Previous studies demonstrated the existence of TPH enzyme in embryonic heart [21]. In order to determine whether TPH is also present in adult mouse heart, we first investigated the TPH1 and TPH2 expression in heart by RT-PCR (fig. 1A left panel). As previously described by Mekontso-Dessap et al., TPH1 mRNA was amplified in mouse heart whereas TPH2 was undetectable [22]. According with these results, Western blot revealed a faint immunostaining for TPH1 in homogenates from mouse (fig. 1A right panel) and rat hearts (Fig. S1A) but not from cardiac tissue of TPH1 KO mice (Fig. 1A right panel). In order to further determine the cellular localization of TPH1, we performed immunofluorescence labeling of TPH1 on both mouse and rat hearts. As shown in Fig. 1B right panel, we observed an intracytoplasmic fluorescent signal inside few cells with the anti-TPH1 antibody in rat heart. This labeling co-localized with metachromatic granules of mast cells stained with toluidine blue (fig. 1B right panel). At the opposite we could not observe any fluorescent signal in mouse cardiac preparations despite, like in rat, few mast cells were detected (fig. 1B left panel).

Figure 1
Expression and localization of TPH1 in heart.

AADC expression was determined by RT-PCR and Western blot. AADC mRNA was amplified in mice heart (fig. 2A left panel). Immunoblots revealed a 50 kDa immunoreactive protein in mouse (fig. 2A right panel) and rat hearts. Furthermore, expression of the protein was detected in non myocytes fraction but not in freshly isolated cardiomyocytes from rat heart suggesting that the enzyme is not ubiquitously present in all cardiac cell types (Fig. S1B).

Figure 2
Expression and localization of AADC in cardiac tissue.

Immunofluorescence studies were performed to localize the enzyme within the myocardial tissue. AADC green fluorescent immunolabeling co-localized with coronary capillaries and microvascular endothelial cells as shown by double staining with CD31 in fig. 2B. Similar fluorescent staining was obtained with a different source of anti AADC antibody both in mice (not shown) and rat hearts (Fig. S1C).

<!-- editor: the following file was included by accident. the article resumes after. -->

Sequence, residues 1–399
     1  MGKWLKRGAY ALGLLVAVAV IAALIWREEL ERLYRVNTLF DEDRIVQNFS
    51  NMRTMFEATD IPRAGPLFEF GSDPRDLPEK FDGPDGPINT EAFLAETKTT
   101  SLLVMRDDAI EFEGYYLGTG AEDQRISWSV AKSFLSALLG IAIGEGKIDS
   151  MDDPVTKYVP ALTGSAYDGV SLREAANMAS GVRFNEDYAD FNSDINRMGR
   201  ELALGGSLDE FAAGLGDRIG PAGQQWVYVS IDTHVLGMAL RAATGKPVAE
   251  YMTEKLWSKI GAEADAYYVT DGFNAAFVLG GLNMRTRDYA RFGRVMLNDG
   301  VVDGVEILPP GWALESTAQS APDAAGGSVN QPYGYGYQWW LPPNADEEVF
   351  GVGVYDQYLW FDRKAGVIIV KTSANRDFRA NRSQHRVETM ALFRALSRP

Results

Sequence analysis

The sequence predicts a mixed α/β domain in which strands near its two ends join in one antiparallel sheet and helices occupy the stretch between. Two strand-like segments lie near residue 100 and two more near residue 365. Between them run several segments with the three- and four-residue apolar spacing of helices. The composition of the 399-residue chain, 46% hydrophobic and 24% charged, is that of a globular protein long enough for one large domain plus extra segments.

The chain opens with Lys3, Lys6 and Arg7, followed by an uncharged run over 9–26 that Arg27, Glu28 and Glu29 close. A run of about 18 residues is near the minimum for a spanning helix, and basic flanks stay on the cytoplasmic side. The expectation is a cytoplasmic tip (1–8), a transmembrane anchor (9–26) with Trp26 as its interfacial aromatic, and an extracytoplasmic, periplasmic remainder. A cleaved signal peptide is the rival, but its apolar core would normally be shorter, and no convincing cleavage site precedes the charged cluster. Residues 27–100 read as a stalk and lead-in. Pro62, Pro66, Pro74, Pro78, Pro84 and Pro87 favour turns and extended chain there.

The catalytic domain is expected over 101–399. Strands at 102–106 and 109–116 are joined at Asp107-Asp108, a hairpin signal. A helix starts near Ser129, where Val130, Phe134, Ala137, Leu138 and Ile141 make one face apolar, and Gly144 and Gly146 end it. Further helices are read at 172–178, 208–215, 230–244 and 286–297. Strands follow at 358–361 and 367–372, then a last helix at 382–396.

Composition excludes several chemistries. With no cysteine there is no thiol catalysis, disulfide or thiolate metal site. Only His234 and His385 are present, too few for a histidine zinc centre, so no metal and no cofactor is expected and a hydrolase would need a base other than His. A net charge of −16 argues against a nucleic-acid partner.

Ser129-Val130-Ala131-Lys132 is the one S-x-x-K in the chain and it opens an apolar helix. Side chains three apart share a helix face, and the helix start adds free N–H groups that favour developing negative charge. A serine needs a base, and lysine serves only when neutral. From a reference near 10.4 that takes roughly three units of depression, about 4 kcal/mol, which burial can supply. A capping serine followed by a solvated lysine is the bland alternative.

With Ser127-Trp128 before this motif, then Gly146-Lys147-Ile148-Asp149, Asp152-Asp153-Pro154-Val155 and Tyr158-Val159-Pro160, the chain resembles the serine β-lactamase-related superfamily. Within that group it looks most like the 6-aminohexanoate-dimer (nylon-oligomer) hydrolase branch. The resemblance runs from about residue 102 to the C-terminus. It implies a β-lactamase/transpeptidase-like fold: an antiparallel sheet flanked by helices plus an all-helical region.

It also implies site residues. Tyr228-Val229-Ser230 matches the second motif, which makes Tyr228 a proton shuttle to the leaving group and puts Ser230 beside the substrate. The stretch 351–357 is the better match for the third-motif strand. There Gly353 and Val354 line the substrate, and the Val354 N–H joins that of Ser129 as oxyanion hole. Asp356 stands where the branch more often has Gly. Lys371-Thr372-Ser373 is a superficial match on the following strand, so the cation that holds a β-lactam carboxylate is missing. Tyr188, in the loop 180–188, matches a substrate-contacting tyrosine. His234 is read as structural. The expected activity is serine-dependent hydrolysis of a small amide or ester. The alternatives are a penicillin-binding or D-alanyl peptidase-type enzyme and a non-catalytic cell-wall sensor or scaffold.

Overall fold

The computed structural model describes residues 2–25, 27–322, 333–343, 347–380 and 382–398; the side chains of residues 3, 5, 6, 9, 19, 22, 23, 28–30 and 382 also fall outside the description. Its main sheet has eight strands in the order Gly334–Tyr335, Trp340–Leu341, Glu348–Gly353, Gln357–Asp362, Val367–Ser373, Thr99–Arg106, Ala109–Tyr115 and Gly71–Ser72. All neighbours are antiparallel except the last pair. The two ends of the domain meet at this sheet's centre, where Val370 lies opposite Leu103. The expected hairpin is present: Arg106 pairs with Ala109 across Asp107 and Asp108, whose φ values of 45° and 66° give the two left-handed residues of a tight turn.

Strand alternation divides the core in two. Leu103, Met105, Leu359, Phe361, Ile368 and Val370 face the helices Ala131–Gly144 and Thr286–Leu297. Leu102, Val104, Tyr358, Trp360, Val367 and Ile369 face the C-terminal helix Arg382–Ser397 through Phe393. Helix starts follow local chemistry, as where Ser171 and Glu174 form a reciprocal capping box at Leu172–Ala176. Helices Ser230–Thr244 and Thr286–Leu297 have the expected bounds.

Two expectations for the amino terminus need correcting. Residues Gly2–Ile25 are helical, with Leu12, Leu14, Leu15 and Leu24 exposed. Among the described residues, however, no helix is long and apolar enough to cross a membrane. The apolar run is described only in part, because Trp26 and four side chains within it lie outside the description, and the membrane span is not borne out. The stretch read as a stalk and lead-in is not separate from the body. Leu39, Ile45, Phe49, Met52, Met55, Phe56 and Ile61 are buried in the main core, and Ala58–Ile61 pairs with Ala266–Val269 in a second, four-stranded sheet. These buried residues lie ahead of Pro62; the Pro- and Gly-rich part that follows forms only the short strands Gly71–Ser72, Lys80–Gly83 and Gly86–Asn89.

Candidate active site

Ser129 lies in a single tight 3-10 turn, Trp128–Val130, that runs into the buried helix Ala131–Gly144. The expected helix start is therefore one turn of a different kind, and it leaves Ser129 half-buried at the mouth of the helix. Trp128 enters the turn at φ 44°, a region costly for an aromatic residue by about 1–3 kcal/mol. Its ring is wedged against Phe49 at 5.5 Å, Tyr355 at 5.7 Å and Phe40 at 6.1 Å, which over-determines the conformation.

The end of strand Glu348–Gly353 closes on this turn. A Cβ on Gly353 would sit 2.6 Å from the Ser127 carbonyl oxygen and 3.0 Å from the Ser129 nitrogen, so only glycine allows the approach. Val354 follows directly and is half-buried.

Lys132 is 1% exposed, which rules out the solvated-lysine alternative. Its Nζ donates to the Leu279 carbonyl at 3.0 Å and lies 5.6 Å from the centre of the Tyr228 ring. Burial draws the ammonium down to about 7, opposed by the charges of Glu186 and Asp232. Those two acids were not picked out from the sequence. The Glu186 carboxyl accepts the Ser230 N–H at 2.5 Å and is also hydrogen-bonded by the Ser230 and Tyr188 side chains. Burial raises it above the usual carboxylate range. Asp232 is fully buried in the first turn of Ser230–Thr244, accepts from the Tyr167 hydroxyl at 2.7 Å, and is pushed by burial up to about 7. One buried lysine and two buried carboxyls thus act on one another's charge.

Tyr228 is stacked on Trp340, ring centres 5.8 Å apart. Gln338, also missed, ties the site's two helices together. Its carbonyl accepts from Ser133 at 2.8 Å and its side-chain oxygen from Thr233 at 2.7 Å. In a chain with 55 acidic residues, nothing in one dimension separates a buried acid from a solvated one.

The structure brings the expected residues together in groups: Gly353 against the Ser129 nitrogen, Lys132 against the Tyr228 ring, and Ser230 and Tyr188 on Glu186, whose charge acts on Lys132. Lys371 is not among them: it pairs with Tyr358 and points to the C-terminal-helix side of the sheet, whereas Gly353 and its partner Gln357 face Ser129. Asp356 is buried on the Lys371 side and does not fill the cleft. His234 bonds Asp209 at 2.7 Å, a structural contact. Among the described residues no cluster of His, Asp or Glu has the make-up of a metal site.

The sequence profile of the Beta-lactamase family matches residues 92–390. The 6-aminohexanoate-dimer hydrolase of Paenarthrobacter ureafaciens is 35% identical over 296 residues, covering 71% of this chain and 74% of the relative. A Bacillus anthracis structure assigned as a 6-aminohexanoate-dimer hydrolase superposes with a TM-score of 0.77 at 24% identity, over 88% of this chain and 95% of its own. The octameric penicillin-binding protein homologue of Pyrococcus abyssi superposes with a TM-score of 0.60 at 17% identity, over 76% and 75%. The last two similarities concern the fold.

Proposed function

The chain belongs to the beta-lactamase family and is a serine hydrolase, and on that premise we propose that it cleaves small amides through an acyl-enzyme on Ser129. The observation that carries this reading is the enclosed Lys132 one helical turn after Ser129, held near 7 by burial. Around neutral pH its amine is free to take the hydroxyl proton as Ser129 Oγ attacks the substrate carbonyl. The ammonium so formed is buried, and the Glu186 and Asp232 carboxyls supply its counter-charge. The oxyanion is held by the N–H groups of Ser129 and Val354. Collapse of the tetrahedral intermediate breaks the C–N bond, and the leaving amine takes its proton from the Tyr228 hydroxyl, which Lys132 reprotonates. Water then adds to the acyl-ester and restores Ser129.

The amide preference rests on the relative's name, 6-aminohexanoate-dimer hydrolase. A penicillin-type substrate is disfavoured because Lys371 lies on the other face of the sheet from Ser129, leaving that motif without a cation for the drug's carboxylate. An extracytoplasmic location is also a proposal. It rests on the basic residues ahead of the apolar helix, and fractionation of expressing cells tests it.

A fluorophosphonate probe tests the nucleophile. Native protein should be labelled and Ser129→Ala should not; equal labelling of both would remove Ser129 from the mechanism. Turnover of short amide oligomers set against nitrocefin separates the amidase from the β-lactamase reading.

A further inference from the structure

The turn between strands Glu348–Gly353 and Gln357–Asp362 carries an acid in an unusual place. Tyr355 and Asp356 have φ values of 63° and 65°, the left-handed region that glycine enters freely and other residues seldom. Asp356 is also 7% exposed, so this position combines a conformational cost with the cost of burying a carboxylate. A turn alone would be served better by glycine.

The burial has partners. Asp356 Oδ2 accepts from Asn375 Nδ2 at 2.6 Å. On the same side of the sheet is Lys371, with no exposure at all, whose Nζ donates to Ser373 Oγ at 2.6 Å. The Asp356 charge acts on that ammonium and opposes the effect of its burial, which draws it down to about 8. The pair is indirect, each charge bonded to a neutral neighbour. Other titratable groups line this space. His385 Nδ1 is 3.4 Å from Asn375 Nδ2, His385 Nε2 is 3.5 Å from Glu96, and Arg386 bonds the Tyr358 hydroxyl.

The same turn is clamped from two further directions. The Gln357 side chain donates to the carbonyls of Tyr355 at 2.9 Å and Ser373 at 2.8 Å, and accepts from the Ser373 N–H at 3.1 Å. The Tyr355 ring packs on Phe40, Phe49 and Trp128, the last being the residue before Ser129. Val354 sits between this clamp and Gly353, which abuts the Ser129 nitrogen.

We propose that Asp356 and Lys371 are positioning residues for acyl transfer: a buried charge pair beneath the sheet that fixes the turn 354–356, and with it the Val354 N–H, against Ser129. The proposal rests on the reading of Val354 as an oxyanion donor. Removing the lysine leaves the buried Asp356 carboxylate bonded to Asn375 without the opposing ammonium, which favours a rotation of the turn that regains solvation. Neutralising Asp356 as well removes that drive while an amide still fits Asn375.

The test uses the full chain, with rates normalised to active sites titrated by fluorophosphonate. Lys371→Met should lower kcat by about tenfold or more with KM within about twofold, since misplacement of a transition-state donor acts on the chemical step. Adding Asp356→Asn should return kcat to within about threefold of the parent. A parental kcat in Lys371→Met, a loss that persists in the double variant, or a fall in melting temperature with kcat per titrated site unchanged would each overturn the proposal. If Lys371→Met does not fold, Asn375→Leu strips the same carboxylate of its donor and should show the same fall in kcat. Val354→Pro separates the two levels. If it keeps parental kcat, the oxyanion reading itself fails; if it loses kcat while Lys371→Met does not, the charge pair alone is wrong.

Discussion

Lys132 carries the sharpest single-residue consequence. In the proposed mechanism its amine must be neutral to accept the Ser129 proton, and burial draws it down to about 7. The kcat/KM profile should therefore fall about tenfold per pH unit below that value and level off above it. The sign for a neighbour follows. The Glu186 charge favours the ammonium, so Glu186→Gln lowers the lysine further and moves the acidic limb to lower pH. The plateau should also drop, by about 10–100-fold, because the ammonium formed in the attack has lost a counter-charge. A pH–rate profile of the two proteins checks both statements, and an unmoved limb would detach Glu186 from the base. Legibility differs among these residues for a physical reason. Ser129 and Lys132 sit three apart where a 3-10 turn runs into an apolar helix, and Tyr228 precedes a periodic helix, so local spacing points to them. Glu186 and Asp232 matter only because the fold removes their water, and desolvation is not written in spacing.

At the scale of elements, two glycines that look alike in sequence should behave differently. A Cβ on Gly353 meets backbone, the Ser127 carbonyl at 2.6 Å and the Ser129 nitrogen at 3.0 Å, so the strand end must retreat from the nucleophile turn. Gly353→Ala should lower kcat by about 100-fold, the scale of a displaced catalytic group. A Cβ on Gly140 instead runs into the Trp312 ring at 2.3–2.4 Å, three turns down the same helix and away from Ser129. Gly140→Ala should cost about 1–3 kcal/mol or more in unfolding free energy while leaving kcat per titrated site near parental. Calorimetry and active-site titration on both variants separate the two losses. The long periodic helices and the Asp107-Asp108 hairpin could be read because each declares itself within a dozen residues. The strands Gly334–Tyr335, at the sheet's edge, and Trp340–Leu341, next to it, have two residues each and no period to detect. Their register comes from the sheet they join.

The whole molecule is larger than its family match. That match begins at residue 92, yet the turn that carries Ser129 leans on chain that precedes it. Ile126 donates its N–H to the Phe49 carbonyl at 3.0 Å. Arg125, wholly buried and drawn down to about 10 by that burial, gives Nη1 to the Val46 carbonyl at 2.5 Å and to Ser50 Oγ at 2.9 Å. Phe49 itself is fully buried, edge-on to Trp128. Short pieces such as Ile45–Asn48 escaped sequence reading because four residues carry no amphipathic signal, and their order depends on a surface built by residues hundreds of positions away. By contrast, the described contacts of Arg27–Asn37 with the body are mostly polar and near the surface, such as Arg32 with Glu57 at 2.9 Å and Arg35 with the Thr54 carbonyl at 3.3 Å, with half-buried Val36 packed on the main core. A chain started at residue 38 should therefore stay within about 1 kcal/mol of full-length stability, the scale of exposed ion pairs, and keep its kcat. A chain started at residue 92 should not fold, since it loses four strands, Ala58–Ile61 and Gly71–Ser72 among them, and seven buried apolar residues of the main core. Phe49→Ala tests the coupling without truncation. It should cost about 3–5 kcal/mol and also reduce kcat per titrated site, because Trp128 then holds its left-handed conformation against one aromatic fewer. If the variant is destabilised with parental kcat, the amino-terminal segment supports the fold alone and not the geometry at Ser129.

The functionality of AADC expressed in cardiac tissue was determined by enzyme assays. Incubation of the AADC substrate 5-HTP with mouse heart homogenate extracts exhibited a dose dependant accumulation of 5-HT measured by HPLC (fig. 3A). Moreover, this neo-synthesis of 5-HT was prevented in presence of the AADC inhibitor benserazide (fig. 3B).

Figure 3
AADC activity in cardiac tissue.

These results suggest that endothelial AADC may play a major role in cardiac synthesis of 5-HT.

Role of Endothelial AADC in Cardiac Accumulation of 5-HT in vivo

In order to determine whether 5-HT synthesis from its precursor metabolite 5-HTP may occur in vivo in the heart by the action of AADC, we first investigated the effects of the AADC substrate administration on cardiac 5-HT levels. With this scope, mice were treated with intraperitoneal injection of 5-HTP at different doses (5 to 20 mg/kg). Mice were sacrificed 30 min after injection and cardiac concentration of 5-HT and 5-HTP were determined. As shown in fig. 4, administration of increasing 5-HTP amounts induced a dose dependent accumulation of cardiac 5-HT (fig. 4A) with only minor changes in blood 5-HT concentration at the highest dose of 5-HTP (20 mg/kg) (fig. 4B). To exclude possible interference of blood platelets with 5-HT determination, experiments were conducted in isolated perfused heart. As observed in vivo, perfusion of heart with 5-HTP generated cardiac 5-HT (Fig. S2).

Figure 4
Cardiac and blood 5-HT level after 5-HTP administration.

These results indicate that the increase in cardiac 5-HT is unrelated to modification of platelet derived 5-HT and contamination of cardiac tissue by blood.

The relevance of AADC in the cardiac accumulation of 5-HT was confirmed by experiments using the AADC inhibitor benserazide after 5-HTP administration. Treatment of mice with benserazide, prior to 5-HTP administration, fully prevented the increase in cardiac 5-HT. Moreover, this effect was concomitant to an accumulation of cardiac 5-HTP (fig. 5A).

Figure 5
Inhibition of cardiac 5-HT synthesis in vivo in presence of the AADC inhibitor benserazide.